Pregnancy Discrimination Attorney Near Me

Pregnancy Discrimination Attorney Near Me

Expecting a child is one of the most exciting and joyous times in any person’s life. Unfortunately, employers often view pregnancy as a burden. A pregnant employee may need to take time off for doctor’s appointments every few weeks or may need to take several more breaks than other workers. Employers sometimes view these extenuating circumstances as inconveniences and so, they discriminate against pregnant individuals. If you believe your employer has treated you unfairly, a pregnancy discrimination attorney near you can help you make things right.

The Pregnancy Discrimination Act

Under the Pregnancy Discrimination Act (PDA), it is against the law for certain employers to discriminate against any employee, or employment candidate, based on a pregnancy status or the birth of a child. This law is federal legislation that applies to employees with 15 or more employees. Under the Act, employers are prohibited from:

  • Requiring a pregnant woman to leave the workplace until her child is born,
  • Refusing to hire a woman when she can perform certain employment duties, based on a condition related to the pregnancy,
  • Denying women equal benefits, pay, or promotions based on a pregnancy status,
  • Refusing to hire a woman based on the perceived biases of customers or clients,
  • Failing to leave an employment position for a woman for the required period of time when they must take leave based on a pregnancy or childbirth, and
  • Requiring women with medical conditions related to the pregnancy to undergo advanced clearance procedures before they are eligible for insurance benefits

Although federal law protects some pregnant workers, the state law in Ohio is even more inclusive. The anti-discrimination laws of the state largely mirror the federal law. However, state law applies to any employer that employs four or more workers in their business.

Reasonable Accommodations and Pregnancy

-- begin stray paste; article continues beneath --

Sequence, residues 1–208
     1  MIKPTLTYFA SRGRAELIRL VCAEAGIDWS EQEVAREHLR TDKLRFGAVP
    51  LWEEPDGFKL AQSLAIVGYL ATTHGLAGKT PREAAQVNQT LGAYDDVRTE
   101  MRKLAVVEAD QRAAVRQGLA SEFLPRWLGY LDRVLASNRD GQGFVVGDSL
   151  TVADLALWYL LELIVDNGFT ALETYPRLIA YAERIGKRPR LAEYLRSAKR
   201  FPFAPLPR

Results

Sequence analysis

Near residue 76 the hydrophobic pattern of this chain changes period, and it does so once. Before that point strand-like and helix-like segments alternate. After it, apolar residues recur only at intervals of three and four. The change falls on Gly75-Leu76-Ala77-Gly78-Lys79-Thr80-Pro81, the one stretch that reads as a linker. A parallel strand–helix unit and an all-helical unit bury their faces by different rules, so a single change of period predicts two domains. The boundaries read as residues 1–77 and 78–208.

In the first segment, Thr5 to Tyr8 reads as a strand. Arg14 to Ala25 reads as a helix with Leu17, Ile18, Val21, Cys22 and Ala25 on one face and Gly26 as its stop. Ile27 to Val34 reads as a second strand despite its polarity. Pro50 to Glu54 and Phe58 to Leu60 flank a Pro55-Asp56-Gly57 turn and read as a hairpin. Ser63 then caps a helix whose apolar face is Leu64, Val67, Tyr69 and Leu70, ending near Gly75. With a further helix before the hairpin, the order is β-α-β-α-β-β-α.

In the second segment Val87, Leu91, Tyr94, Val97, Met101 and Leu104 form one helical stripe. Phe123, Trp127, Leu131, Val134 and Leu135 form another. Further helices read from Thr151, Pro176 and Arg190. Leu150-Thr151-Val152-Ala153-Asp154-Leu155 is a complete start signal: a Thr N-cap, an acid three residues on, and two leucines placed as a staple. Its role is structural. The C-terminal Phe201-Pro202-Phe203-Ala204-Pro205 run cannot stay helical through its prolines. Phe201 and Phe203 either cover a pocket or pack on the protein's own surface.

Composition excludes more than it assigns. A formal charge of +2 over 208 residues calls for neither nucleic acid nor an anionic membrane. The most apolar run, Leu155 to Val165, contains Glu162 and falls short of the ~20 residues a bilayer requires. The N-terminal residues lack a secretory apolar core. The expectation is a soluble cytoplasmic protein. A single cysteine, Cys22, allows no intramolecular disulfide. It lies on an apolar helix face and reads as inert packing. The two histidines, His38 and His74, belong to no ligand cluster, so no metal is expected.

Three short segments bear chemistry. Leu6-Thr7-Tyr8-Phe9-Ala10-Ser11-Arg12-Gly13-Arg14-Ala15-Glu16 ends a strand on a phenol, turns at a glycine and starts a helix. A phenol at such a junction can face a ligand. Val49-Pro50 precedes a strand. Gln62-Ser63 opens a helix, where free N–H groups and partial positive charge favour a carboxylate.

Expecting a child is not considered a disability, but some women do develop pregnancy-related conditions that can be classified as disabling. In these cases, employers are required to provide reasonable accommodations for those conditions. Reasonable accommodations may include:

  • Assigning a pregnant woman to lighter work duties or modifying the employment tasks she is responsible or
  • Providing a pregnancy woman with disability leave, and
  • Allowing a pregnant women to take an unpaid leave of absence 

Generally speaking, pregnant employees must ask their employers for these reasonable accommodations. When they do, and the request is reasonable, employers must provide them. The only exception to this is when doing so would cause the company undue hardship. For example, if a pregnant woman asked for a new office to be built for her, that would likely not be considered reasonable and it could place an undue hardship on the business.

Call an Employment Lawyer Near You Today

If you are pregnant and believe your employer is not treating you fairly, our employment lawyers near you are here to help with your case. At Marshall Forman & Schlein, we know how to determine when discrimination is happening, and we have the necessary experience to help employees make them right. Call us today or contact us online to schedule a consultation and to learn more about how we can help.

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